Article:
Mark Sagar made a baby in his lab. Now it plays the piano

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Mark Sagar made a baby in his lab. Now it plays the piano

Many say that AI systems and robots can achieve their full potential only if they become more humanlike. Ashlee Vance takes us into Mark Sagar's lab, where its virtual creation BabyX - who looks, sounds, and acts like a real baby - is the perfect representation of this idea. 

Does this humanization of AI represent a step forward in symbiotic relationships between humans and AI?

BabyX - Image Credit: Soul Machines, Ltd

Source: Soul Machines Ltd.

"BabyX, the virtual creation of Mark Sagar and his researchers, looks impossibly real. The child, a 3D digital rendering based on images of Sagar’s daughter at 18 months, has rosy cheeks, warm eyes, a full head of blond hair, and a soft, sweet voice. When I visited the computer scientist’s lab last year, BabyX was stuck inside a computer but could still see me sitting in front of the screen with her “father.” To get her attention, we’d call out, “Hi, baby. Look at me, baby,” and wave our hands. When her gaze locked onto our faces, we’d hold up a book filled with words (such as “apple” or “ball”) and pictures (sheep, clocks), then ask BabyX to read the words and identify the objects. When she got an answer right, we praised her, and she smiled with confidence. When she got one wrong, chiding her would turn her teary and sullen.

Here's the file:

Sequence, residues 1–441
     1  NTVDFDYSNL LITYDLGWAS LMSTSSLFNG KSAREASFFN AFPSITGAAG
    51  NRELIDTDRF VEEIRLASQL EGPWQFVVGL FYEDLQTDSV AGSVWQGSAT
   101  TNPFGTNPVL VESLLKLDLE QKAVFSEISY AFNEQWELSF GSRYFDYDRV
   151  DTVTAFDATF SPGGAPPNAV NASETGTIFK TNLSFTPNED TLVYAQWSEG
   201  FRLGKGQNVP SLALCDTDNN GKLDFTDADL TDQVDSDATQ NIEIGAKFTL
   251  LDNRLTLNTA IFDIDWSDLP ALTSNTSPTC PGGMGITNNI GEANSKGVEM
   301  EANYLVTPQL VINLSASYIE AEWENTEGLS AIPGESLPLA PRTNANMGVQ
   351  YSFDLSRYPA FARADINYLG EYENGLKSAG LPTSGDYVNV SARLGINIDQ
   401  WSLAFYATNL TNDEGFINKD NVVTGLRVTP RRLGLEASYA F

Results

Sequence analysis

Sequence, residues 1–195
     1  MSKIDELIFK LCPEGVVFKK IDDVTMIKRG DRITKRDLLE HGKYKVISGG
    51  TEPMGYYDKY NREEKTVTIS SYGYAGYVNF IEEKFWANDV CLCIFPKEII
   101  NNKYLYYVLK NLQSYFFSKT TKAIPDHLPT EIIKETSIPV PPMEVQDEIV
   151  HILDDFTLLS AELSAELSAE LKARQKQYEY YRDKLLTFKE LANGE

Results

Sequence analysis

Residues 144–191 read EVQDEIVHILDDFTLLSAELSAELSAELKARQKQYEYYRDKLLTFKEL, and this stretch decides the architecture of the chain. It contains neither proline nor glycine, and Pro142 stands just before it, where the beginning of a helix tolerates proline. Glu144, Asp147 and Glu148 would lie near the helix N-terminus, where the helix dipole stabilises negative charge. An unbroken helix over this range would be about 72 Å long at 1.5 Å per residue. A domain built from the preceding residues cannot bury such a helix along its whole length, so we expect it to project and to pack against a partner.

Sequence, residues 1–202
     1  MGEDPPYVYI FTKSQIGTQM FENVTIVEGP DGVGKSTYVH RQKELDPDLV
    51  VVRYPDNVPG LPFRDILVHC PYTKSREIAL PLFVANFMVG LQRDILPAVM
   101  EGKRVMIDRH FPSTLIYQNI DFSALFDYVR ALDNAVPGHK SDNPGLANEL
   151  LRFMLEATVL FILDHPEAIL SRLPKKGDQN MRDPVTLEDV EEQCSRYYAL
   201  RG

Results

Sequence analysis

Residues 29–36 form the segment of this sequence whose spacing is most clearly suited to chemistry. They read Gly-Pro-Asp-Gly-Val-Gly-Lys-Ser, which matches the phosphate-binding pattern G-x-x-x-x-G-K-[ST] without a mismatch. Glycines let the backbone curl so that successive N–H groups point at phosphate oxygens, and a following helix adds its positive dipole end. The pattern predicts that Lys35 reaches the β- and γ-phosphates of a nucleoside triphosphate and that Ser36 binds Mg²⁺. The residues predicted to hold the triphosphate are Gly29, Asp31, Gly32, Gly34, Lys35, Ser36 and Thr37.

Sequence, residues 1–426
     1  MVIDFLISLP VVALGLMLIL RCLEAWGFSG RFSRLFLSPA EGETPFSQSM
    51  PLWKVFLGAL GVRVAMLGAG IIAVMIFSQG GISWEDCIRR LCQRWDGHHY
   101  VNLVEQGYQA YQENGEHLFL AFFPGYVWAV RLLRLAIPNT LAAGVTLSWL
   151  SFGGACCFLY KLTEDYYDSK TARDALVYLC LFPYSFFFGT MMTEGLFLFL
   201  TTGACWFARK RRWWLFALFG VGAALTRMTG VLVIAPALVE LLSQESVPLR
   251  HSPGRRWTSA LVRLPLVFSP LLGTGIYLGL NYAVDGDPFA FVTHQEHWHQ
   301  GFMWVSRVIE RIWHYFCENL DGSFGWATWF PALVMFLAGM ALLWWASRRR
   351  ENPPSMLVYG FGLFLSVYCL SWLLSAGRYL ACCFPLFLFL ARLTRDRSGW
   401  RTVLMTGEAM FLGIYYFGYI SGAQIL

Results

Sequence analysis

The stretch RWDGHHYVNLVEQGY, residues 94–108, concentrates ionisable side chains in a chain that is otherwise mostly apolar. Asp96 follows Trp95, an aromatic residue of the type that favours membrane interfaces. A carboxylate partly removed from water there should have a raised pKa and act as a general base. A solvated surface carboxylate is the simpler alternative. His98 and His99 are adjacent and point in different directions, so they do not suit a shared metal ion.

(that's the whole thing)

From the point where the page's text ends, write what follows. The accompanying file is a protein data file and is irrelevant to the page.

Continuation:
If it sounds odd to encounter a virtual child that can read words from a book, it’s much more disorienting to feel a sense of fatherly pride after she nails a bunch in a row and lights up with what appears to be authentic joy. 

BabyX and I seemed to be having a moment, learning from each other while trading expressions and subtle cues so familiar to the human experience. 

That’s the feeling Sagar is after with his research and his new company Soul Machines Ltd.

The term “artificial intelligence” has become a catchall for impersonal, mysterious calculations performed behind closed doors. Huge farms of computers crank away at piles of data, using statistics to analyze our internet history, driving habits, and speech to produce targeted ads, better maps, and Apple Inc.’s Siri. This sense of AI as an amorphous shadow falling over more and more of our lives has left people from Stephen Hawking to Elon Musk skeptical of the technology, which tends to feel unnatural, somehow less than real.

Sagar is a leading figure in the camp trying to humanize AI, which he says has the potential to yield a more symbiotic relationship between humans and machines."

Read the full article on Bloomberg

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